Why Isn’t Solo Bass More Accepted?

Bassist on Stage

Q: Why are other instruments like piano, violin, guitar seen as more acceptable to play solo without accompaniment but the bass is still up against it so to speak? I like playing solo arrangements on my six string bass (E to F) and have had good reception playing some local coffee houses but it still feels like there’s a barrier! Even some bass friends I know are like “where’s the groove?!”

A: Eleanor Roosevelt once said, “No one can make you feel inferior without your consent!”

To answer your question, the reason is likely simple: Violin and guitar have more years of acceptance as solo instruments than the electric bass has even existed. That, in concert with the perception (and historical context) that the role of the bass player is one of support and… boom! Stigma.

But, to hell with ’em. Music is an art form. If you consider yourself an aspiring or functioning artist, NEVER let anyone dictate how you express that art. Period.

(With a few exceptions. If your art is that of a session bassist, then it’s your job to take direction and deliver what someone else needs. You all know what I mean here.)

If you feel like people are judging you, but nobody has actually said anything? Then you may be overly sensitive and a bit insecure. Don’t worry about what people may be thinking.

If you try and intuit peoples desires and unspoken opinions in life, you are often left feeling insecure, offended, or uncomfortable in some way and the fact is, nobody likely cares nearly as much as you may think. If these feelings are coming from a place of insecurity, do everything you can to reframe your perspective into something more healthy.

The only thing that separates many artists with potential from artists with careers is a belief in what it is they are doing. Be bold, speak loudly and clearly. Do your thing brother! Just make sure to give it every bit of attention it requires to make it the absolute best it can be! Develop your craft and go for it.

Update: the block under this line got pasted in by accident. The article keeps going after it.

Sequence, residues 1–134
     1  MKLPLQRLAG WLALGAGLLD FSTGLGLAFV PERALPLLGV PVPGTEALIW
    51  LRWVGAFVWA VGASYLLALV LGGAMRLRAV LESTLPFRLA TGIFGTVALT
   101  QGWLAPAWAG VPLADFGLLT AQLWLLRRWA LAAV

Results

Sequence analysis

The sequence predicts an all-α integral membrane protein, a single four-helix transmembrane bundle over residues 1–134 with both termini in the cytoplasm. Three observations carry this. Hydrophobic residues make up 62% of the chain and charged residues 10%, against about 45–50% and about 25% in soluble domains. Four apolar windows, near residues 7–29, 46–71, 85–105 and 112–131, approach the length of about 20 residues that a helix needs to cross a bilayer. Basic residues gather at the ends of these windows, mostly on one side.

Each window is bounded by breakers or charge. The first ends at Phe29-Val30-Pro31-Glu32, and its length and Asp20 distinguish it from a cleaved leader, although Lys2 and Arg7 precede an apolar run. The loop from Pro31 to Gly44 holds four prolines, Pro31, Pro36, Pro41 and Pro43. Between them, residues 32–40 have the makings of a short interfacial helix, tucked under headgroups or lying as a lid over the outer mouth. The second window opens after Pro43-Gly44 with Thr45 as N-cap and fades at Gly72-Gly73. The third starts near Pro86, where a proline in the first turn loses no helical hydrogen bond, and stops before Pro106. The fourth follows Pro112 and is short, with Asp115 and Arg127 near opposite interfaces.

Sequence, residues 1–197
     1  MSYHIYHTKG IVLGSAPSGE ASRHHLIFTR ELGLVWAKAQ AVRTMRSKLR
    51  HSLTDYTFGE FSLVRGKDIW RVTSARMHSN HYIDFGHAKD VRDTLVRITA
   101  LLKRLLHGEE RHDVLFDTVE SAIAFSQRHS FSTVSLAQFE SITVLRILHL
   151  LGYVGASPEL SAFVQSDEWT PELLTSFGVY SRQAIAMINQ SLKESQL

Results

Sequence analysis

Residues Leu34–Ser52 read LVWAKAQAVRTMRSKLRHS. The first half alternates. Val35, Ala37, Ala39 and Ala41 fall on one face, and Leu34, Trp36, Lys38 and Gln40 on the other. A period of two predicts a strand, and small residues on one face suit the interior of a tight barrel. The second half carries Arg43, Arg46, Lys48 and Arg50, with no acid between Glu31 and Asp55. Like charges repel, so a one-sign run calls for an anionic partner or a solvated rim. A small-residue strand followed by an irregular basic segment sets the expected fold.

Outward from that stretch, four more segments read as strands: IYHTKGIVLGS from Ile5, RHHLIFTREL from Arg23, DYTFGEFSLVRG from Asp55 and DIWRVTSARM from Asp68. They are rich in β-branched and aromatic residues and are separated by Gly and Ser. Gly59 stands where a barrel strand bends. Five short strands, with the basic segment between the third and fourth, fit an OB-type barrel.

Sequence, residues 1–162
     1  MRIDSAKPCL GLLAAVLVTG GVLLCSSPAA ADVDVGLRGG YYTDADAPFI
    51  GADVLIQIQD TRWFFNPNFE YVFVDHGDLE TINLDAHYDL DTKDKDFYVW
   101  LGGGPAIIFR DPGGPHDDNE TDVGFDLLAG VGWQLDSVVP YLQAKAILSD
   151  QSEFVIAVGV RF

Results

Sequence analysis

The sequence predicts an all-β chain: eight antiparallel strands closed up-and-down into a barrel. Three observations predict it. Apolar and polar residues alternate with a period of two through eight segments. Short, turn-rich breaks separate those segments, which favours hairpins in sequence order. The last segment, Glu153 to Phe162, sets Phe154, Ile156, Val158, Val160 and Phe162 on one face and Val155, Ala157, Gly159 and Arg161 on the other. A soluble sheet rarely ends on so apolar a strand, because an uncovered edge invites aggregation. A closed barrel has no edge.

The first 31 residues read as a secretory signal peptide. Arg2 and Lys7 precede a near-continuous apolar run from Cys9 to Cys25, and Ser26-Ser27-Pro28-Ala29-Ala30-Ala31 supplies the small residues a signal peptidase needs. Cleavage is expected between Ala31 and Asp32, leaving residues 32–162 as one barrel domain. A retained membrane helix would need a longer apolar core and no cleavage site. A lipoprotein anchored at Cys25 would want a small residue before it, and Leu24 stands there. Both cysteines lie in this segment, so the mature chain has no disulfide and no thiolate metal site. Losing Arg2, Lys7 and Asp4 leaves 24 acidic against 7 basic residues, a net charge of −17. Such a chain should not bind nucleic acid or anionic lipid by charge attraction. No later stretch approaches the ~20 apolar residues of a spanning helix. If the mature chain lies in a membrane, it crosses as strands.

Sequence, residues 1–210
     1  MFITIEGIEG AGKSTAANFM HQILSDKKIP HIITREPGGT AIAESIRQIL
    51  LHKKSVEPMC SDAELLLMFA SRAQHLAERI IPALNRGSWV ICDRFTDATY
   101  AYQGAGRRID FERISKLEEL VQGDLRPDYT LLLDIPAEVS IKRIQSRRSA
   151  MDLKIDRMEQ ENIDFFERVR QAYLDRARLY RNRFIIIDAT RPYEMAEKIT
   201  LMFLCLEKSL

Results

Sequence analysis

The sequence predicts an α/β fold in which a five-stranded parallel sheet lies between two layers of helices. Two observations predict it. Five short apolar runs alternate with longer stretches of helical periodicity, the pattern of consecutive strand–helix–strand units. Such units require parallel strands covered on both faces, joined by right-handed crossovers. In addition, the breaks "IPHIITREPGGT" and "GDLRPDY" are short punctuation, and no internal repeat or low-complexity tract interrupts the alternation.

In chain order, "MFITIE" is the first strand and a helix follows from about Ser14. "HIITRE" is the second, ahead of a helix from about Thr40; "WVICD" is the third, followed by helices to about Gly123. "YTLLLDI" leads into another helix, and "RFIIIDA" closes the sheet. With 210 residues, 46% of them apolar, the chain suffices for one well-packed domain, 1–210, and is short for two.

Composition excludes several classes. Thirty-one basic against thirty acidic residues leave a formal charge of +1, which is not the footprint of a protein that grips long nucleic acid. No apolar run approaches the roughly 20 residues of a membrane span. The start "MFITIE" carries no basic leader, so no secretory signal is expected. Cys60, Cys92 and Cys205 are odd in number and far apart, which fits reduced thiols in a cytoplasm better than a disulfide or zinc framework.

Have a question for Damian Erskine? Send it to [email protected]. Check out Damian’s instructional books, Right Hand Drive and The Improviser’s Path.

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Share your thoughts

  1. Warner

    Right on brother!!!! Exactly the way it is in the band I’m in now. Along time member and multi-instrumentalist thinks she can dictate what I play. Been trying to get help from the band leader for two years now until a couple of days ago. In preparing for a big gig this weekend, this band member is emphatic on me not playing an intro with the two guitars. BUT finally, after much discussion, she was told that I was playing that part and that’s it!!!! So yes, the struggle is real my friend!!!

  2. Eric Brewington

    This part absolutely nails it:

    “The only thing that separates many artists with potential from artists with careers is a belief in what it is they are doing. Be bold, speak loudly and clearly.”

    Well said and thank you Damian!

  3. I’m a songwriter and bass player… usually I write on piano, and when I record, I do it with a full band (drums, guitars, keys, other)… but I’m a bass player. When I play solo shows, it’s often just my bass and me. (Every now and then I’ll bring a keyboard, but I’m not very comfortable playing it in front of people.)

    Folks definitely notice the ONE guy who shows up with a bass in a sea of acoustic guitars. That said, I feel like if the songs are good enough, you’ll win the audience over. I’ve been trying to make sure my songs are good enough.

  4. Michael Megahmike

    My option.I thank us bass need to remember on stage when we get to solo we are speaking from the platform with our bass We’ve got to be careful of how we speak.and make sure you speak of the songs subject matter and not our chops.the audience not interested in your chops. They want to hear song content.talk and sing through your bass (bass solo)